MOSCOW (Sputnik) — The first legally binding treaty prohibiting nuclear arms was adopted on July 7 by more than 120 UN member states. The document bans a whole range of nuclear-weapon-related activities, including development, production, manufacturing and possession among other issues.
The treaty was opened for signature on Wednesday at the UN Headquarters in New York. The document has already been signed by more than 50 states, including Austria, Brazil, Indonesia, New Zealand and South Africa, in the first day, however the nuclear powers had boycotted it.
"This is a historic event, despite the refusal of the nuclear-armed states to sign this treaty… When it enters into force (after 50 ratifications), it will make it more difficult for the nuclear-armed states, whether party to the Nonproliferation Treaty or not, to keep arguing that their possession of nuclear weapons is legitimate for protecting their own security and that of their allies," Finaud told Sputnik, adding that the agreement would fill the legal gap prohibiting all weapons of mass destruction.
The expert added that the civil society in the nuclear powers would put pressure on governments in order to achieve nuclear disarmament.
Finaud's words are echoed by Goetz Neuneck, the professor of Physics and Acting Co-Director of the Institute of Peace Research and Security Policy at the University of Hamburg.
"The Treaty is important because this document shows the will of two thirds of the UN members that nuclear weapons cannot be seen as 'normal weapons' and should be outlawed. Bio- and Chemical weapons are prohibited by international law. Nuclear weapons fall in the same category and cannot be used under any scenario. They cause catastrophic damage for nations and provoke other to build their own arsenal," the German scholar told Sputnik.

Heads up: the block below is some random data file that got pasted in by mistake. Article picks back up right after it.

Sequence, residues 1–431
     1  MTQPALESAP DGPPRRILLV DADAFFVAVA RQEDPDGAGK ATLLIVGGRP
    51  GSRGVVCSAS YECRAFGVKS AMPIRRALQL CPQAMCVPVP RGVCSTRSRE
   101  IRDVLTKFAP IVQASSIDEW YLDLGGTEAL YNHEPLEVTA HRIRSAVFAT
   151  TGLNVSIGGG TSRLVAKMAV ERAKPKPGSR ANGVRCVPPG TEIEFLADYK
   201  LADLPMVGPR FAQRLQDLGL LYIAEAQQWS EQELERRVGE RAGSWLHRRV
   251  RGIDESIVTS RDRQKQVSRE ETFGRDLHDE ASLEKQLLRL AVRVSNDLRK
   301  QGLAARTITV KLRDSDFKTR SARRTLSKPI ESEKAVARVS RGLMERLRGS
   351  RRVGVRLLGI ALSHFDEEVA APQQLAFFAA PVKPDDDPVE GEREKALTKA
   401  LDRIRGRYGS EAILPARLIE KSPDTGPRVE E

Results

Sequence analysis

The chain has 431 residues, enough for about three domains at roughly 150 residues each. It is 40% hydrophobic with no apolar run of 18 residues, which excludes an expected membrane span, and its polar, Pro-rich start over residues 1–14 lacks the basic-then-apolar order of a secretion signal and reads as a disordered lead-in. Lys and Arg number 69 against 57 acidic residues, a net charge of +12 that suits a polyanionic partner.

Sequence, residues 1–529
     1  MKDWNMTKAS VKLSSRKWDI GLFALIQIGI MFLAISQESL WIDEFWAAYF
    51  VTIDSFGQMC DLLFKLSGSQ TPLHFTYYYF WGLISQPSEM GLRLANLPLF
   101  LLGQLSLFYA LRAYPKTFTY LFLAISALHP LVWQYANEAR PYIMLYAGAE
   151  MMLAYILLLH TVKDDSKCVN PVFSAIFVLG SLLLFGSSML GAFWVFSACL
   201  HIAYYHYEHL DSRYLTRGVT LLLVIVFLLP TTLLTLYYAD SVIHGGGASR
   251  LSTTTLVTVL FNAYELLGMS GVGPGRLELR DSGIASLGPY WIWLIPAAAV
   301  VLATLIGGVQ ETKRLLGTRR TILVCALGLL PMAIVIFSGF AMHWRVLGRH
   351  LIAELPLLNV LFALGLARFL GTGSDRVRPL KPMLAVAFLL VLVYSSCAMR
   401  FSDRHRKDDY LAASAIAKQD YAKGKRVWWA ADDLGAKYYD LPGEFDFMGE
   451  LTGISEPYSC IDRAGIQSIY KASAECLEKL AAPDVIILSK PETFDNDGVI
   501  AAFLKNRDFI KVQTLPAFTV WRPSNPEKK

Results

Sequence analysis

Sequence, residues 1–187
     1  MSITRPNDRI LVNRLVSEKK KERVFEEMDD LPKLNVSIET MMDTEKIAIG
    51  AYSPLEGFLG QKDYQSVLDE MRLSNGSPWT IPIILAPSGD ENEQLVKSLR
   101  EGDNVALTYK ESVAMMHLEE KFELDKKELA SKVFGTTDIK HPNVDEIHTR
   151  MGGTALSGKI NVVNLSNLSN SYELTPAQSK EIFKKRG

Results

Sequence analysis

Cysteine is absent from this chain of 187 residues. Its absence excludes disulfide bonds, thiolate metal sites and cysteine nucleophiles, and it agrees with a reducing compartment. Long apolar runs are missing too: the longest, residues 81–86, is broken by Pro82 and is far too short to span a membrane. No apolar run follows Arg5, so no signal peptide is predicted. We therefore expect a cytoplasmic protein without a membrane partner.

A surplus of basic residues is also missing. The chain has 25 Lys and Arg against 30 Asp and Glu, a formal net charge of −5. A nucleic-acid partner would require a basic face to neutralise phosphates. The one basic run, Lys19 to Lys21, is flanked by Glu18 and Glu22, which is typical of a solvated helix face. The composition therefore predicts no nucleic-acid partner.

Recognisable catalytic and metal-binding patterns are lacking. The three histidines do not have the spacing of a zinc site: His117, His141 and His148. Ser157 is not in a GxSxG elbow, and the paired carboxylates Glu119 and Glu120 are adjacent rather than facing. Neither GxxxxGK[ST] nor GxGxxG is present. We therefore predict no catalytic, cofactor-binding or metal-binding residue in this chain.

He added that several nuclear powers did not continue their disarmament obligations and should come back to the negotiation table.
"The Treaty on the Prohibition of Nuclear Weapons is insignificant for international nuclear disarmament because none of the nine countries that possess nuclear weapons are prepared to accept the Treaty," Samore told Sputnik.
Shen Dingli, the associate dean at the Institute of International Studies and the director of the Program on Arms Control and Regional Security Studies at Fudan University, has the similar position as for non-participation of the countries possessing nuclear weapons in the treaty.
"Without the signature of the P5s, the Treaty is not effective to really ban all nuclear weapons," Dingli told Sputnik.
The list of nine countries that possess or allegedly have nuclear weapons, includes five permanent members of the UN Security Council (UNSC), namely China, France, Russia, the United Kingdom and the United States, as well as India, Israel, North Korea and Pakistan.
The views and opinions expressed in the article do not necessarily reflect those of Sputnik.